Six patients showed genomic abnormalities [Table 1]. Patients one and two both showed deletions/duplications, resulted from a maternal balanced translocation. Both patients had been reported to have normal karyotype by other laboratories. The karyotyping was repeated and showed abnormal chromosome complements confirming the array CGH results. In patient one, array CGH test showed abnormalities involving chromosomes 6 and 18. Most of the patient's clinical manifestations could be explained by partial monosomy 18q. However, partial trisomy 6q26q27 also has some specific features [16],[17] which could be seen in our patient. These features include growth retardation, microcephaly, acrocephaly, hand and foot anomalies and dental decay. The partial deletion of 13q [18] and distal duplications of 7q [19] observed in-patient two are both well-known genetic disorders with a very wide spectrum of clinical phenotypes. Some of patient's clinical manifestation such as microcephaly and genital anomaly might be attributed to partial monosomy of 13q and others such as micrognatia to partial trisomy of 7q. [20]

Patients three, four and five all had subtelomeric deletions for the short arm of chromosome 3 (3p26.3p26.3) proximal region of long arm of chromosome 15(q11.2q13.1) and short arm of chromosome 1 (1p36.33p36.33) respectively [Table 1]. The MLPA test using subtelomeric SALSA MLPA KIT P036-E1 confirmed these abnormalities. The inheritance of these abnormalities was validated for patients 35 using MLPA and only the deleted 3p were inherited from the patient's mother. The size of 3p deletion was 1.68 Mb including CHL1 and CNTN6 genes. His healthy mother showed the same subtelomeric abnormality, which means it couldn't be the cause of clinical manifestations and most probably is inherited as a polymorphism. However, the inherited form of 3p36.3 deletion with a size less than 1 Mb (comprising only the gene CHL1) from a normal father to two affected children has been reported by Cuoco et al. [21] The two brothers had a mild MR without any other distinct features. This group suggested the CHL1 gene was responsible for the mild phenotype symptoms observed in the patients.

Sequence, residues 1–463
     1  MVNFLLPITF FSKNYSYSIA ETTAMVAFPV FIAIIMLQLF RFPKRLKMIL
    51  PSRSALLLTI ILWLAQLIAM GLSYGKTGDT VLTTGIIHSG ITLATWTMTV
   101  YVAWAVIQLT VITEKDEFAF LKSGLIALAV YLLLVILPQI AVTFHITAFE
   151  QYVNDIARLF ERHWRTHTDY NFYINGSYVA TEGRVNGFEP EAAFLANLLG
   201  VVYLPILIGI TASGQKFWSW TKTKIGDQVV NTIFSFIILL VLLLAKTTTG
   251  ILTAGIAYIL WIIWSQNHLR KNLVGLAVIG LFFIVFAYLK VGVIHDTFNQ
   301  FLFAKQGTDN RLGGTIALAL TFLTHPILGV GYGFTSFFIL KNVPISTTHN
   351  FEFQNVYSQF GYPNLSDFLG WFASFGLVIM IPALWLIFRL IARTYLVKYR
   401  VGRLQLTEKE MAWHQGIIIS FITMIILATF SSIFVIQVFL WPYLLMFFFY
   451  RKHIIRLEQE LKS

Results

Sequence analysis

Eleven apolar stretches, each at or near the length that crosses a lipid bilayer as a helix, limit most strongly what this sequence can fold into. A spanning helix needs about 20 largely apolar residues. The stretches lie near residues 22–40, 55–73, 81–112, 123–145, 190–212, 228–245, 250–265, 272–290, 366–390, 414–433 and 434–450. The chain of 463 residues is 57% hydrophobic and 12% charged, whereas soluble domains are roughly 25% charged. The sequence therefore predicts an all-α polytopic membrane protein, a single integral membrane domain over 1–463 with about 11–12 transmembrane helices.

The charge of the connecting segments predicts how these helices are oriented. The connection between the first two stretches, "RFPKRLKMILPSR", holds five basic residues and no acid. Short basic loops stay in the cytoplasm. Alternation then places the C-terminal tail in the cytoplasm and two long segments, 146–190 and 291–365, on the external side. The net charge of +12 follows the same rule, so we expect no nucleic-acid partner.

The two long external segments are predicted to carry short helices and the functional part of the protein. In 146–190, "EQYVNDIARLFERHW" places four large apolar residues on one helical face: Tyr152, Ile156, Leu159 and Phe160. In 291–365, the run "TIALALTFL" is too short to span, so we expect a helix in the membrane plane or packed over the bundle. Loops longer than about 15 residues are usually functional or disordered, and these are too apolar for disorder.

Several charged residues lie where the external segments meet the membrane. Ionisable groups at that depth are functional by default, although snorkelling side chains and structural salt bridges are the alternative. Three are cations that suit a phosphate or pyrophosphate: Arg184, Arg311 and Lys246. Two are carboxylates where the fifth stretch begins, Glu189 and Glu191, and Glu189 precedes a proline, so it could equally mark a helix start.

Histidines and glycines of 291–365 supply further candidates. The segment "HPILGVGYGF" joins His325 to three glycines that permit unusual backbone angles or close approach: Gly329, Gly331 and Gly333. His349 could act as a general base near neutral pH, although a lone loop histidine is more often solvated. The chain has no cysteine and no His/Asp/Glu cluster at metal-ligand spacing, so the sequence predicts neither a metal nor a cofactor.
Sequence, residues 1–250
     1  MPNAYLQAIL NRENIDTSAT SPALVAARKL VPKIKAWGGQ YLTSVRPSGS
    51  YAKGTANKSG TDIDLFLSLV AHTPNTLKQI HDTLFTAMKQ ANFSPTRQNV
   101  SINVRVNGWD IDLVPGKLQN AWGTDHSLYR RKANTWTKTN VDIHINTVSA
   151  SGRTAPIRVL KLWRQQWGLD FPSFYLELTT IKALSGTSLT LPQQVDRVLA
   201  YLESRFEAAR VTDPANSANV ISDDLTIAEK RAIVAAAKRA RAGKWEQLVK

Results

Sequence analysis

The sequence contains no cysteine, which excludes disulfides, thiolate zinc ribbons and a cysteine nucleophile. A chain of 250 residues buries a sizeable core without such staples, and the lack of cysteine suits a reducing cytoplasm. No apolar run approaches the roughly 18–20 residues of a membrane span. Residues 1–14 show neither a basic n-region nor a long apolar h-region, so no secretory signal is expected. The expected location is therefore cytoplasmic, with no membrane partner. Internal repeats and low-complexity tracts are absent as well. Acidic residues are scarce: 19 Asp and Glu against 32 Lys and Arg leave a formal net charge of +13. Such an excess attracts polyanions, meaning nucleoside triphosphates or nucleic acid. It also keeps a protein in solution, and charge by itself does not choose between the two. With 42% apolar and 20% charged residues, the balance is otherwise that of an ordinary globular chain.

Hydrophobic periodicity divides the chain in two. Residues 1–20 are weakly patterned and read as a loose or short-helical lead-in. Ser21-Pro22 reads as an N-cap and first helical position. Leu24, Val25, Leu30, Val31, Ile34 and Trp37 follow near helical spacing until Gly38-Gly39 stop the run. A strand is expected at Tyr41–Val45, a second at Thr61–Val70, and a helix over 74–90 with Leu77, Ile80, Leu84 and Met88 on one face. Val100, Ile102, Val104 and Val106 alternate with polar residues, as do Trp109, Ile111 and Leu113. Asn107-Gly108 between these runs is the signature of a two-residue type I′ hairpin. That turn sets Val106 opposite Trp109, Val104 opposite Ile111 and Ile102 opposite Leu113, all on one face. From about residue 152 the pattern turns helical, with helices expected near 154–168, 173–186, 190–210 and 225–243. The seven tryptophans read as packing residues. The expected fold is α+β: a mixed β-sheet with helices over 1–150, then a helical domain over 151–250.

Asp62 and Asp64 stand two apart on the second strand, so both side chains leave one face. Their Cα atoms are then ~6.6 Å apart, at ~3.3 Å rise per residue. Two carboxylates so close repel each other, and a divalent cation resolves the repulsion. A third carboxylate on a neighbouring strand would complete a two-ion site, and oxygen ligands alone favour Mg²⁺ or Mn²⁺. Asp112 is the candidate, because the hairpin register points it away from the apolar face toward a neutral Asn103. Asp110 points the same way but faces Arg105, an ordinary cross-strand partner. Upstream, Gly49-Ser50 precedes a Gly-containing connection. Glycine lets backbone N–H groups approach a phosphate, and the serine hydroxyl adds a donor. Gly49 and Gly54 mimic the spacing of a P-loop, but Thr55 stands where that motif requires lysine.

The abnormality in patients four and five were apparently de novo and therefore pathogenic. Both abnormalities were consistent with previously known microdeletion syndromes. The abnormality in-patient four is consistent with Angelman syndrome compatible with the patient's clinical manifestation [22] and patient five genomic and clinical abnormality was consistent with the known 1p36 microdeletion syndrome.

Patient six had an interstitial deletion of 15q24.1q24.2. This is a known pathogenic abnormality as the 15q24 microdeletion syndrome was first described by Sharp et al. in 2007. [23] Phenotypic features include mild to moderate developmental delay, characteristic facial features, growth retardation, hypotonia, joint laxity, digital abnormalities and genital abnormalities. Smith et al. in 2008 also described a girl (previously been assessed by FISH 24 ) with autism, developmental delay and mild dysmorphism containing a 15q24 deletion overlapping the genomic region identified by Sharp et al. (Moyra Smith, personal communication), which has already been reported and is associated with intellectual disability and autism. [25]

In this study, six patients out of a total of 32 (19%) showed chromosome abnormalities using array CGH. However, two patients upon re-evaluation had gross chromosome abnormalities. Excluding these two patients, array CGH increased the chromosome abnormality detection rate by 12.5%. This is similar to some other reported cases. [15],[26],[27],[28]

   Conclusion Top

The abnormality rate in patients with normal karyotype, using array CGH technique, was increased by 12.5%. The array CGH technique is an accurate and reliable method for the determination of genomic imbalances in patients with IMR and dysmorphism. However, in order to show the inheritance status of these abnormalities, FISH investigation is pending. In view of the fact that the chromosome abnormality had been missed by two laboratories, it is recommended that cytogenetic laboratories, which do not have enough expertise should refer patients with MR and dysmorphism for array CGH investigation.

   Acknowledgments Top

This work is funded through a grant by the Deputy of Research of University of Social Welfare and Rehabilitation Sciences. We wish to express our gratitude to the patients and their families for their co-operation. Our sincere thanks is extended to all the clinicians for referring the patients, the personnel of Cytogenetics laboratories of Genetics and Pathology Center of Kariminejad-Najmabadi, Sarem Women's Hospital and Genetics Research Center of University of Social Welfare and Rehabilitation Sciences for their technical support.

   References Top

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27.Fan YS, Jayakar P, Zhu H, Barbouth D, Sacharow S, Morales A, et al. Detection of pathogenic gene copy number variations in patients with mental retardation by genomewide oligonucleotide array comparative genomic hybridization. Hum Mutat. 2007;28:1124-32.  Back to cited text no. 27
28.Rosenberg C, Knijnenburg J, Bakker E, Vianna-Morgante AM, Sloos W, Otto PA, et al. Array-CGH detection of microrearrangements in mentally retarded individuals: Clinical significance of imbalances present both in affected children and normal parents. J Med Genet. 2006;43:180-6.  Back to cited text no. 28


  [Figure 1], [Figure 2]

  [Table 1], [Table 2]